The World Anti-Doping Agency will expand first-time doping sanctions to four years, the global doping body announced on Friday at the conclusion of its annual meeting in Johannesburg. WADA also announced the appointment of its next chair, International Olympic Committee vice president Sir Craig Reedie.
Beginning on Jan. 1, 2015, WADA will enforce the four-year ban on first-time offenders. Currently, first-time offenses carry a two-year suspension. While the first-time ban will increase, WADA will also gain flexibility in application of anti-doping rules per sport.
The updated World Anti-Doping Code, adopted Friday by the WADA board of directors, will read:
The period of Ineligibility imposed for a first violation of Articles 2.1, 2.2 or 2.6 shall be as follows, subject to potential reduction or suspension of sanction pursuant to Articles 10.4, 10.5 or 10.6: 10.2.1 The period of Ineligibility shall be four years where:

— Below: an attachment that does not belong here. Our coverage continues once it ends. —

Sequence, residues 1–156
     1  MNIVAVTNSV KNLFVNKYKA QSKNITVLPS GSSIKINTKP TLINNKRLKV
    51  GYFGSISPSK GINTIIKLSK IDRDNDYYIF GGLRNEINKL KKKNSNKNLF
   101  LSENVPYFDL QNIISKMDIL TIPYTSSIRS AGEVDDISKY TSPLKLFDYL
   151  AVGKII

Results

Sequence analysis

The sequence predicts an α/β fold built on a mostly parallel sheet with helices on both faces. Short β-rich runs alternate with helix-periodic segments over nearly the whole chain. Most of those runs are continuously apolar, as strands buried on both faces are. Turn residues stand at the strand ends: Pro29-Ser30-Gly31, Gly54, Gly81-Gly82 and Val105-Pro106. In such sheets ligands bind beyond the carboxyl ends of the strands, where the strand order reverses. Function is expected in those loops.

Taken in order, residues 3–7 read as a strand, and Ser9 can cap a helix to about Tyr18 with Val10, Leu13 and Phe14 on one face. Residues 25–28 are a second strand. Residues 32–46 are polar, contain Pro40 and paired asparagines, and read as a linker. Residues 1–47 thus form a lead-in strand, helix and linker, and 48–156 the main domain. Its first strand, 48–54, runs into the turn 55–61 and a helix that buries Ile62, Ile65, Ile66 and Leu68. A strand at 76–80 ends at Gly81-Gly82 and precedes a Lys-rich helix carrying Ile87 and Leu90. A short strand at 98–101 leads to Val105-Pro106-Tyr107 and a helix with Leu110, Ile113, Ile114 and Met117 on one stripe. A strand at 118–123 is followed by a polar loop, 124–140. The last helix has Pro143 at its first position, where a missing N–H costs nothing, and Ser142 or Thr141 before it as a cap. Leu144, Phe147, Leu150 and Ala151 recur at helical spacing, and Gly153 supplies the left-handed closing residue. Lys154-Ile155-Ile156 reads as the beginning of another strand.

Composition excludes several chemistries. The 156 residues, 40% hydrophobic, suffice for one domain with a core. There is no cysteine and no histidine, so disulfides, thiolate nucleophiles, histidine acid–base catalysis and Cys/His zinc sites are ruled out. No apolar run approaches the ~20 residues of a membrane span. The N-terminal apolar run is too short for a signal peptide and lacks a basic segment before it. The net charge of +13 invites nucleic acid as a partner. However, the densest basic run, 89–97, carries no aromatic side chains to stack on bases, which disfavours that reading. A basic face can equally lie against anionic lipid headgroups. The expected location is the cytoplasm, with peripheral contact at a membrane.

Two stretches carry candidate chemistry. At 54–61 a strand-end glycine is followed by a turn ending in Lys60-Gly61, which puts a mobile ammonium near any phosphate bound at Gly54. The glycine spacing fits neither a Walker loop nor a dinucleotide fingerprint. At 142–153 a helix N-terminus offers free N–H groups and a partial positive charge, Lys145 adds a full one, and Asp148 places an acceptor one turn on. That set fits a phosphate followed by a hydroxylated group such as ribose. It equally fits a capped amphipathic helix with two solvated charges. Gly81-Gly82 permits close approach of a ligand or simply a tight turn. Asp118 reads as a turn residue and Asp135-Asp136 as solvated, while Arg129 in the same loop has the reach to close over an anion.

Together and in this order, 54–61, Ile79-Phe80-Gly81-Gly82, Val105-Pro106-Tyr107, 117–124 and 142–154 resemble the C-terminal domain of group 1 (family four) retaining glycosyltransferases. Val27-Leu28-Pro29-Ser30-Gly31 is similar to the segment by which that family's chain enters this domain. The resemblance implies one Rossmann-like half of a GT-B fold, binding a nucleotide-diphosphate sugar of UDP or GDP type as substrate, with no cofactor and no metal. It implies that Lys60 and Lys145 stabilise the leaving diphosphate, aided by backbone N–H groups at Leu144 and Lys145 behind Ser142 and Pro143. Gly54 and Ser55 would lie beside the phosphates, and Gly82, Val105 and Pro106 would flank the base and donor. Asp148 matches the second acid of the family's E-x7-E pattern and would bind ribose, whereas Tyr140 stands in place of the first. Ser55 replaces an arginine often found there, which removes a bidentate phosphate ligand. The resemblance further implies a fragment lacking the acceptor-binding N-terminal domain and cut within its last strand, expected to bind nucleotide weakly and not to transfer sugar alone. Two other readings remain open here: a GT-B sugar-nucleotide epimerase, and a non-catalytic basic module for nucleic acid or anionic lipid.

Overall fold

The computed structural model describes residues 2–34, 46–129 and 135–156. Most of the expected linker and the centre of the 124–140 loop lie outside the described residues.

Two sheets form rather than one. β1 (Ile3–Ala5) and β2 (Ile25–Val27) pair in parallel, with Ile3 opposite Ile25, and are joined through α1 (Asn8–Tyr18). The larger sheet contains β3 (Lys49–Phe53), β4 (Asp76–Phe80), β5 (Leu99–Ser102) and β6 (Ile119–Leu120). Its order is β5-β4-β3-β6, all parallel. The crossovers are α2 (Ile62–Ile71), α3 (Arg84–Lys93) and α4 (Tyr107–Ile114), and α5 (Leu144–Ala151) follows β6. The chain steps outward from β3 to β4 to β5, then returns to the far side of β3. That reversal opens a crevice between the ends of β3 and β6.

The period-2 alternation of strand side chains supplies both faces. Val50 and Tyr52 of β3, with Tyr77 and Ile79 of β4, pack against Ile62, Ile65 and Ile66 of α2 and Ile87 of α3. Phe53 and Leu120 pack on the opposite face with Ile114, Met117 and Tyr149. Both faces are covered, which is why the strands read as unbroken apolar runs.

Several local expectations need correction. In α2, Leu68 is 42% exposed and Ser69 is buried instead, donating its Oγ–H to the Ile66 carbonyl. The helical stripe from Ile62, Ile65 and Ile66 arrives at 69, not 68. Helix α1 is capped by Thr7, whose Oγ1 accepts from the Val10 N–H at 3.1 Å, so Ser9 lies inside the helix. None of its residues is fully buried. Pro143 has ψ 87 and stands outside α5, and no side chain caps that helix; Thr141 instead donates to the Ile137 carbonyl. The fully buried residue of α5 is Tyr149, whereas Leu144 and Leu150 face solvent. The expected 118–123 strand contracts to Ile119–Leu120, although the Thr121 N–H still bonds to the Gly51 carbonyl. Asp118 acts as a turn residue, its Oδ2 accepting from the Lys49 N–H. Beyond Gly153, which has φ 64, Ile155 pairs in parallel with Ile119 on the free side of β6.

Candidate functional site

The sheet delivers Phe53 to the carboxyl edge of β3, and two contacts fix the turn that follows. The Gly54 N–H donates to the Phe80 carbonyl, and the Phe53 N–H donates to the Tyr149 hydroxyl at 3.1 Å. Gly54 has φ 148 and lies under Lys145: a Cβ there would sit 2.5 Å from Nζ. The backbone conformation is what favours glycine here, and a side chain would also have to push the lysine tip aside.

10.2.1.1 The anti-doping rule violation does not involve a Specified Substance, unless the Athlete or other Person can establish that the anti-doping rule violation was not intentional.
10.2.1.2 The anti-doping rule violation involves a Specified Substance and the Anti-Doping Organization can establish that the anti-doping rule violation was intentional.
Reedie will fill the post currently held by John Fahey, who will complete his six-year term at the end of 2013.
Where flexibility is concerned, Fahey said, according to the BBC, “There is no point in the chess federation, for example, testing for human growth hormones.”